The Long Read: The Great Terracing Dilemma
We’re all growing older, and the past increasingly feels like a foreign country. For those of us in our forties, the world in which grew up broadly doesn’t exist any more, and much of middle-age can feel as though it’s a lengthy process of coming to terms with understanding this and maybe making a decision, whether conscious or otherwise, over whether to embrace the future or seek to behave like some sort of cultural King Canute, trying to hold back the inevitable tides of change that wash through our lives.
Football, of course, has changed as much as anything else. Thirty years ago, we were still only slowly moving away from the idea that so much as one league match on the television a week was some sort of huge novelty. The Premier League and the Champions League were still glints in the eye of a new generation of overlords with ideas of overhauling the entire game for their personal benefit. And a vast number of us – comfortably a majority – stood up to watch matches.
A large number of us still do, of course. Terraces still exist in the lower divisions and non-league football. In broad terms, however, these are minority pursuits, and even at lower levels of the game it’s not as common as it used to be and is continuing to slowly die out. York City, for example, are due to be moving into a new stadium next year. Even though the club now plies its trade in the National League North, this new stadium will be all-seater, despite the fact that such an arrangement is neither required or, in terms of the club’s supporters, even particularly wanted.
The year zero for the end of terracing at larger grounds came, of course, in 1990 with the publication of The Taylor Report into the previous year’s Hillsborough disaster. We’ll return to that particular report later on, but it’s important to understand why the terraces have remained a part of supporter culture and why the groundswell of support for their return, in the form of safe standing, continues to grow. So let’s tell the story of how we got from there to here.
It didn’t take very long after the codification of association football for the game to move towards being a business. The story of that particular tug of war is for another day, but one of its most significant side-effects was that clubs began to need to raise money in order to pay their players. Pitches became enclosed, turnstiles were installed, and those who came to watch were charged to do so. It wasn’t long, however, before facilities started to rise. Grandstands with seats for those who wished to sit were an obvious development, but what to do about the steadily rising number of people who wanted to watch?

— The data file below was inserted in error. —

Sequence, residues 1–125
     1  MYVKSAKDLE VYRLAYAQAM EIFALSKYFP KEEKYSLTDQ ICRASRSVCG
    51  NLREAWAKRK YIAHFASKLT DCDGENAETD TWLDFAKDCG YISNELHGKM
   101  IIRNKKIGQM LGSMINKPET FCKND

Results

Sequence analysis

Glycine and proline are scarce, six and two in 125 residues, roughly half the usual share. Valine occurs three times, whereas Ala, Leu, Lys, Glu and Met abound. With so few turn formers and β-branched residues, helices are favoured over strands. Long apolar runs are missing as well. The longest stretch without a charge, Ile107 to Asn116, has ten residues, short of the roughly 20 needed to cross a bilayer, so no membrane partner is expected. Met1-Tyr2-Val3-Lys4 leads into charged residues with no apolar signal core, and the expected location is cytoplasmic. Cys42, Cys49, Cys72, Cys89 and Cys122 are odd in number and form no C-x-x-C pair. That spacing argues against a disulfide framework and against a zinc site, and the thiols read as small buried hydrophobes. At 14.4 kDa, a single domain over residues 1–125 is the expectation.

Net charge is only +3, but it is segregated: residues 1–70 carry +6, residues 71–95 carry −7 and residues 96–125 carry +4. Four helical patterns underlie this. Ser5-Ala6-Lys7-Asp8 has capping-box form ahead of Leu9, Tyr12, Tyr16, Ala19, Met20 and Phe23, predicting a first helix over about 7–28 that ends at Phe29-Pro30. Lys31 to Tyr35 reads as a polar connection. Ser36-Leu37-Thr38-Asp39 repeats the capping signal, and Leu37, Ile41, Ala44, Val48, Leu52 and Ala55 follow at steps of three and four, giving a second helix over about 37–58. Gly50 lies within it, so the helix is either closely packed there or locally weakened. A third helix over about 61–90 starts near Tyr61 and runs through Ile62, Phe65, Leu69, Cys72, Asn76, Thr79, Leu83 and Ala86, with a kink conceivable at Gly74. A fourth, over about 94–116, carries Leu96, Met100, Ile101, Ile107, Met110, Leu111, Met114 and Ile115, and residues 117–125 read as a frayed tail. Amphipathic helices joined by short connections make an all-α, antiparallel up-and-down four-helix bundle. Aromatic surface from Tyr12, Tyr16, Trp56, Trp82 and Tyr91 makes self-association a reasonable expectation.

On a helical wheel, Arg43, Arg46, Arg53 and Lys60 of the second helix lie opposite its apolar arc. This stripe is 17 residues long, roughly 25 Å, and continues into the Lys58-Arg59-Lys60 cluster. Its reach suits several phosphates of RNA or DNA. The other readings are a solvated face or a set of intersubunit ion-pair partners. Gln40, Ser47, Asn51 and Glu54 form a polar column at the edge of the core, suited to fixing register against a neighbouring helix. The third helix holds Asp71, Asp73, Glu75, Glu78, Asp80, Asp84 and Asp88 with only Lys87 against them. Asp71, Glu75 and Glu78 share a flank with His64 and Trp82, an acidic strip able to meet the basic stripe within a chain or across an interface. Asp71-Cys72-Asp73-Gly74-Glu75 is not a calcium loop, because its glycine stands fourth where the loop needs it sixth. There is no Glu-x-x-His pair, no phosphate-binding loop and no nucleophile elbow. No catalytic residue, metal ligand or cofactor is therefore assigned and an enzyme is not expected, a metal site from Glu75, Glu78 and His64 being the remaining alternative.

The earliest days of the professional game were the days of sleeper terraces – steps made of crushed stone and earth secured in place with railway sleepers – and bleachers, wooden terraces built on stilts, so named because the wooden boards bleached under the sun, which provided a low-cost way of allowing thousands to watch matches at the same time. The era of bleachers in British football ended in horrific circumstances in 1902 at Ibrox Park in Glasgow. Competition to host the biannual international match between Scotland and England had become fierce in the final years of the nineteenth century, with Celtic and Rangers entering into something of an arms race to host the high profile (and high earning) match. Ibrox Park had initially been opened in 1887, but the subsequent opening of Celtic Park five years later pushed Rangers to rebuild their home just twelve years later, increasing its capacity to 75,000.
The 1899 redevelopment of Ibrox had been overseen by Archibald Leitch, a Rangers-supporting Glaswegian civil engineer who would go on to become British football’s signature stadium designer throughout the first three decades of the twentieth century, and a significant part of Leitch’s design was the West Tribune Stand, a huge wooden bleacher behind one goal that was given a capacity of 35,000 – a figure that Leitch himself was unhappy with. Rangers, however, were given the 1902 match between Scotland and England, and shortly after kick-off at this match, part of the West Tribune Stand collapsed, killing twenty-five people and injuring hundreds more. It was suggested that contractors had used cheaper, sub-standard wood to build the stand, but the effect of British football’s first spectator disaster was immediate. Bleachers were banned almost immediately after the match.
Still, though, there was no question that supporters should stand to watch matches, and two years later a now familiar name entered football’s lexicon. The name of the “Spion Kop” to describe a large terrace can first be found in relation, perhaps surprisingly, to Arsenal’s former Manor Ground home. The Battle of Spion Kop had been a hill battle during the Boer War in 1900 which led to two hundred and fifty British deaths and more than a thousand casualties, and it was adopted at Anfield in 1906. Several other grounds would also come to have parts of their ground named for this battle, but on Merseyside the name would come to take on a resonance that would become internationally famous.